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MD2(3)

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NAME    [Toc]    [Back]

     MD2Init, MD2Update, MD2Final, MD2End, MD2File, MD2Data - calculate the
     RSA Data Security, Inc., ``MD2'' message digest

LIBRARY    [Toc]    [Back]

     Standard C Library (libc, -lc)

SYNOPSIS    [Toc]    [Back]

     #include <sys/types.h>
     #include <md2.h>

     void
     MD2Init(MD2_CTX *context);

     void
     MD2Update(MD2_CTX *context, unsigned char *data, unsigned int len);

     void
     MD2Final(unsigned char digest[16], MD2_CTX *context);

     char *
     MD2End(MD2_CTX *context, char *buf);

     char *
     MD2File(char *filename, char *buf);

     char *
     MD2Data(unsigned char *data, unsigned int len, char *buf);

DESCRIPTION    [Toc]    [Back]

     The MD2 functions calculate a 128-bit cryptographic checksum (digest) for
     any number of input bytes.  A cryptographic checksum is a one-way hashfunction,
 that is, you cannot find (except by exhaustive search) the
     input corresponding to a particular output.  This net result is a ``fingerprint''
 of the input-data, which doesn't disclose the actual input.

     MD2 is the slowest, MD4 is the fastest and MD5 is somewhere in the middle.
  MD2 can only be used for Privacy-Enhanced Mail.  MD4 has been criticized
 for being too weak, so MD5 was developed in response as ``MD4 with
     safety-belts''.  When in doubt, use MD5.

     The MD2Init(), MD2Update(), and MD2Final() functions are the core functions.
  Allocate an MD2_CTX, initialize it with MD2Init(), run over the
     data with MD2Update(), and finally extract the result using MD2Final().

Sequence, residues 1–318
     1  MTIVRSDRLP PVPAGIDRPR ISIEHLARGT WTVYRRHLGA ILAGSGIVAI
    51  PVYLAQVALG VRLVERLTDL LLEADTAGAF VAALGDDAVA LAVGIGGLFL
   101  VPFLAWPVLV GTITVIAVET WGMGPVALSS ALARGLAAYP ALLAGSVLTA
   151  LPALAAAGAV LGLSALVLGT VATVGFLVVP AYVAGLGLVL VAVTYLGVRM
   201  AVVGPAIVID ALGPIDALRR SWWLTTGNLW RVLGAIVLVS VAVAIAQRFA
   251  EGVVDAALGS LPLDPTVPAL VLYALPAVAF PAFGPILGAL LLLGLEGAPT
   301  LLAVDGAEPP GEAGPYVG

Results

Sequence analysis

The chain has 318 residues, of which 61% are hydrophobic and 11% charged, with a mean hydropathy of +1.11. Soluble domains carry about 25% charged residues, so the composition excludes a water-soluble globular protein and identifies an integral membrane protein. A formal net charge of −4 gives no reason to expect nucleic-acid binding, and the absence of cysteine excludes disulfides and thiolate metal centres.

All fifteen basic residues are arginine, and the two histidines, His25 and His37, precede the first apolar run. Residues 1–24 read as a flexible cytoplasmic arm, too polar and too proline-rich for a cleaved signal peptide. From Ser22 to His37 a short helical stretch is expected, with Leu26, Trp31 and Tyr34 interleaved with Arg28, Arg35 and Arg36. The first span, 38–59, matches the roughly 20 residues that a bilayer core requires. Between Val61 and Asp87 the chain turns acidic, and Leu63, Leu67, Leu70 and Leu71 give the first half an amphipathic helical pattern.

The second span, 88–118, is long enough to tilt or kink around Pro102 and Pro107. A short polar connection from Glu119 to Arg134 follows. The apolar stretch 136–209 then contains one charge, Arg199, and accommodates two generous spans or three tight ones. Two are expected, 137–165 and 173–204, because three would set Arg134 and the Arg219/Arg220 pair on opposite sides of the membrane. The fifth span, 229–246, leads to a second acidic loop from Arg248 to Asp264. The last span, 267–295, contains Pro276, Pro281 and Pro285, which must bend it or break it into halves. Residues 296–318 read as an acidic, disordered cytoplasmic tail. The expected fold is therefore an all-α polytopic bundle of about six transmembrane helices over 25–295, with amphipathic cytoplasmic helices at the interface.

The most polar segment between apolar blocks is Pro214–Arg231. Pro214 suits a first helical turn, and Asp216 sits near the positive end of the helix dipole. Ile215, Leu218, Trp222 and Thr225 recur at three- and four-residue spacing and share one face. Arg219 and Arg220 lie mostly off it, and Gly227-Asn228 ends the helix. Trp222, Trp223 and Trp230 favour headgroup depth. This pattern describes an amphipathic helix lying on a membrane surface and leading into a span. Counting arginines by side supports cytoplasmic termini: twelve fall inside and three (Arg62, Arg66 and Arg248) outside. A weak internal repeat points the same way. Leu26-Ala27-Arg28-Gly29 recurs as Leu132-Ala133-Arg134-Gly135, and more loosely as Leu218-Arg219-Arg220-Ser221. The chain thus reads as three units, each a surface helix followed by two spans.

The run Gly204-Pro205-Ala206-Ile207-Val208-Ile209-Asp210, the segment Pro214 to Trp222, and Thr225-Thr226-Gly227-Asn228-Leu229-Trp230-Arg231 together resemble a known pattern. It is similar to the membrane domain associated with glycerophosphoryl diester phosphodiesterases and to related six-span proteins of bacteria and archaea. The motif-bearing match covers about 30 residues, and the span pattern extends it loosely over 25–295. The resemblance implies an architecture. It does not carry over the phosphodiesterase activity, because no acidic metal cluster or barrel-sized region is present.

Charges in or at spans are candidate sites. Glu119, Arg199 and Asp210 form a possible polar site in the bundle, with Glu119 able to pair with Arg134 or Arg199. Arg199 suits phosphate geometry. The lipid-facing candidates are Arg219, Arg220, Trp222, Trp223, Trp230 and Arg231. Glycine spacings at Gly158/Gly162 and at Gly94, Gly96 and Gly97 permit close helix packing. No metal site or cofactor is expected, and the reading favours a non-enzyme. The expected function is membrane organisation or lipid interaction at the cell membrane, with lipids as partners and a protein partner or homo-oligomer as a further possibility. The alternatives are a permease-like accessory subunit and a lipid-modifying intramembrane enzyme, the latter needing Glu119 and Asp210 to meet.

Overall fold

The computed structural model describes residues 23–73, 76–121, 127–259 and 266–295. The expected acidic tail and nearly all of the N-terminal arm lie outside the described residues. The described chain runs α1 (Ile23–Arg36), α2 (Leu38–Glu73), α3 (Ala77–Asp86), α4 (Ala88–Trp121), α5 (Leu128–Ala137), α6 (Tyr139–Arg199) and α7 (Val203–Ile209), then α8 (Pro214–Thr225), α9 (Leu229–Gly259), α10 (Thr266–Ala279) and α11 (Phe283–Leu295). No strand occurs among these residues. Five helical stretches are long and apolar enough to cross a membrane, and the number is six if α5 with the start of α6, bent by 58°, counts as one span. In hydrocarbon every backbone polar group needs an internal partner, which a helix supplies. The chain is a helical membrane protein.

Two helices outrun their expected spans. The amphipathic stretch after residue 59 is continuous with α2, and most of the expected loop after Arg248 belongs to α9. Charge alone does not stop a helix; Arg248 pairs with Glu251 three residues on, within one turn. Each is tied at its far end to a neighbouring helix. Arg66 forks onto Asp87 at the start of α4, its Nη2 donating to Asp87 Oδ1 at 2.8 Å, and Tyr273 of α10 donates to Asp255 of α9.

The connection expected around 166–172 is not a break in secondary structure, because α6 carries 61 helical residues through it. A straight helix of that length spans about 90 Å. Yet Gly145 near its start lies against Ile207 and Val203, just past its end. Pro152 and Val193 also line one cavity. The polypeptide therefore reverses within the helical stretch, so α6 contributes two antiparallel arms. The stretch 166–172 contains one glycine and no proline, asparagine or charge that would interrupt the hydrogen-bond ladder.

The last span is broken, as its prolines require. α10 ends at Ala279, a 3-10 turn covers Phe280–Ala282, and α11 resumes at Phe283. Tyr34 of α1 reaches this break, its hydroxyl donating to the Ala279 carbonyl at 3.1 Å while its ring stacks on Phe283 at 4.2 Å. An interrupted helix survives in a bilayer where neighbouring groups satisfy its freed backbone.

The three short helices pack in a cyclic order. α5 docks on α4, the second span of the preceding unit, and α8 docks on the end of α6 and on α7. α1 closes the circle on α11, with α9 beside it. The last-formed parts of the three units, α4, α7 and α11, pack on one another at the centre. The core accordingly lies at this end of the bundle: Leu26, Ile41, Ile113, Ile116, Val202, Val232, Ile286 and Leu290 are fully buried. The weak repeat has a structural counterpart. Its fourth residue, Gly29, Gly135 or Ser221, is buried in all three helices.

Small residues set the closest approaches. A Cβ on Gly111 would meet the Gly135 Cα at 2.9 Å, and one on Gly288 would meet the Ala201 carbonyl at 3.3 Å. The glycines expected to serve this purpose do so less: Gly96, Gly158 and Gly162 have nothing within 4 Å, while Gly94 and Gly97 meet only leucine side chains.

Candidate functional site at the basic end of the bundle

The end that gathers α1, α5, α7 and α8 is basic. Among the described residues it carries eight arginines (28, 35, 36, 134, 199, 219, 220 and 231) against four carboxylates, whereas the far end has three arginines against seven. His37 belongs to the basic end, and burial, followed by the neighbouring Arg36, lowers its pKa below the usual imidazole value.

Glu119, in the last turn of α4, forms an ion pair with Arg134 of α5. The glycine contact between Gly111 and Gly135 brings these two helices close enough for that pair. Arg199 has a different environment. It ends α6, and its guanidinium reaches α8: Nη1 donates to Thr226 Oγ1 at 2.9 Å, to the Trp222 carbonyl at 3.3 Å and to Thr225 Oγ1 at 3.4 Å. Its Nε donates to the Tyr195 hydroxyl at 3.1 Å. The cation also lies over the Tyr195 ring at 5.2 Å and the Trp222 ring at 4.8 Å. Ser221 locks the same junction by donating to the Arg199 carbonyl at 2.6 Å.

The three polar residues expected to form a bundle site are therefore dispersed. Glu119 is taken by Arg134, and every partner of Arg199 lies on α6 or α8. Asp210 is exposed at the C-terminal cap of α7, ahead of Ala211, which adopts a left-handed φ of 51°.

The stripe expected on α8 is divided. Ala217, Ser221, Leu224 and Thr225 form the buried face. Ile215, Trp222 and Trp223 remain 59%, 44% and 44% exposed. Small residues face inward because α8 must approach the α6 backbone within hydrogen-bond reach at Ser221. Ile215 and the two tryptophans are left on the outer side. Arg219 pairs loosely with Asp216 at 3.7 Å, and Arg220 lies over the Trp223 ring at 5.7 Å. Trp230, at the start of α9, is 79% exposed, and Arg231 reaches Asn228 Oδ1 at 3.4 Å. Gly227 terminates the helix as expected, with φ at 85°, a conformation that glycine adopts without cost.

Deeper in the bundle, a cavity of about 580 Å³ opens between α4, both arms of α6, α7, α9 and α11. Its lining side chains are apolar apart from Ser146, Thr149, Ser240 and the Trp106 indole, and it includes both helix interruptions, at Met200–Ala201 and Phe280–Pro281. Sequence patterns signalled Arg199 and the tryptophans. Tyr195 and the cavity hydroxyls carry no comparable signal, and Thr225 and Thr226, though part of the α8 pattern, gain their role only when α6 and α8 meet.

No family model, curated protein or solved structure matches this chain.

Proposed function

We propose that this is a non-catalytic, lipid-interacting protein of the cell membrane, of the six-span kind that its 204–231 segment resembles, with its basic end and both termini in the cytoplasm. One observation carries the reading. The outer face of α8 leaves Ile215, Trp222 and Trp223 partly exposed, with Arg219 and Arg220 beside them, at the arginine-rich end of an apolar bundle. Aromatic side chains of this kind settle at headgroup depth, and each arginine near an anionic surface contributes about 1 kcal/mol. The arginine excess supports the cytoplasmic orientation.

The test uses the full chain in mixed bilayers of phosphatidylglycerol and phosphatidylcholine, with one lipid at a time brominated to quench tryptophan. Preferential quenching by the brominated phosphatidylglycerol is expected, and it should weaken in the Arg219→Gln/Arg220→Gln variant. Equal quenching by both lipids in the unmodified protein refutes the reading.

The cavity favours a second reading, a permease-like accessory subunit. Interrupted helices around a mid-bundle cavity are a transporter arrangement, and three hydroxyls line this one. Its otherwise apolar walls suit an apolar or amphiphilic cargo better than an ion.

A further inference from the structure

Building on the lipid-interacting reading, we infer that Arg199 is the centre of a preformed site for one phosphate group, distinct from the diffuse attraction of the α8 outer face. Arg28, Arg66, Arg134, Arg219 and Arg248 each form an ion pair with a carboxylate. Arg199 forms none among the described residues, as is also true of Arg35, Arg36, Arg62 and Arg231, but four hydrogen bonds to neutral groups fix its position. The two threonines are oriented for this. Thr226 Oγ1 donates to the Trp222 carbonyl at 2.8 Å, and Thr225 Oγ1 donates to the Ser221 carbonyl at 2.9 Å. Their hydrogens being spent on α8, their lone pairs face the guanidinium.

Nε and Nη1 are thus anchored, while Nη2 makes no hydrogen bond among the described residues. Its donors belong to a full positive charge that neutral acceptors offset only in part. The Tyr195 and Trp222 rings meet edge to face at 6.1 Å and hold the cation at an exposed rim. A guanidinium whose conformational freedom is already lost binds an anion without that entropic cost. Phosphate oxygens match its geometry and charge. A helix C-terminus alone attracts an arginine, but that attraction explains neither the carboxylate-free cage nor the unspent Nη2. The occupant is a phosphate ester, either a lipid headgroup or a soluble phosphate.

MD2End() is a wrapper for MD2Final() which converts the return value to a
     33-character (including the terminating '\0') ASCII string which represents
 the 128 bits in hexadecimal.

     MD2File() calculates the digest of a file, and uses MD2End() to return
     the result.  If the file cannot be opened, a null pointer is returned.
     MD2Data() calculates the digest of a chunk of data in memory, and uses
     MD2End() to return the result.

     When using MD2End(), MD2File(), or MD2Data(), the buf argument can be a
     null pointer, in which case the returned string is allocated with
     malloc(3) and subsequently must be explicitly deallocated using free(3)
     after use.  If the buf argument is non-null it must point to at least 33
     characters of buffer space.

SEE ALSO    [Toc]    [Back]

      
      
     md2(3), md4(3), md5(3)

     B. Kaliski, The MD2 Message-Digest Algorithm, RFC 1319.

     R. Rivest, The MD4 Message-Digest Algorithm, RFC 1186.

     R. Rivest, The MD5 Message-Digest Algorithm, RFC 1321.

     RSA Laboratories, Frequently Asked Questions About today's Cryptography.

HISTORY    [Toc]    [Back]

     These functions appeared in NetBSD 1.3.

AUTHORS    [Toc]    [Back]

     The original MD2 routines were developed by RSA Data Security, Inc., and
     published in the above references.  This code is derived directly from
     these implementations by Poul-Henning Kamp <phk@login.dkuug.dk>

     Phk ristede runen.

BUGS    [Toc]    [Back]

     No method is known to exist which finds two files having the same hash
     value, nor to find a file with a specific hash value.  There is on the
     other hand no guarantee that such a method doesn't exist.

COPYRIGHT    [Toc]    [Back]

     This code is in the public domain.

BSD                             October 9, 1996                            BSD
[ Back ]
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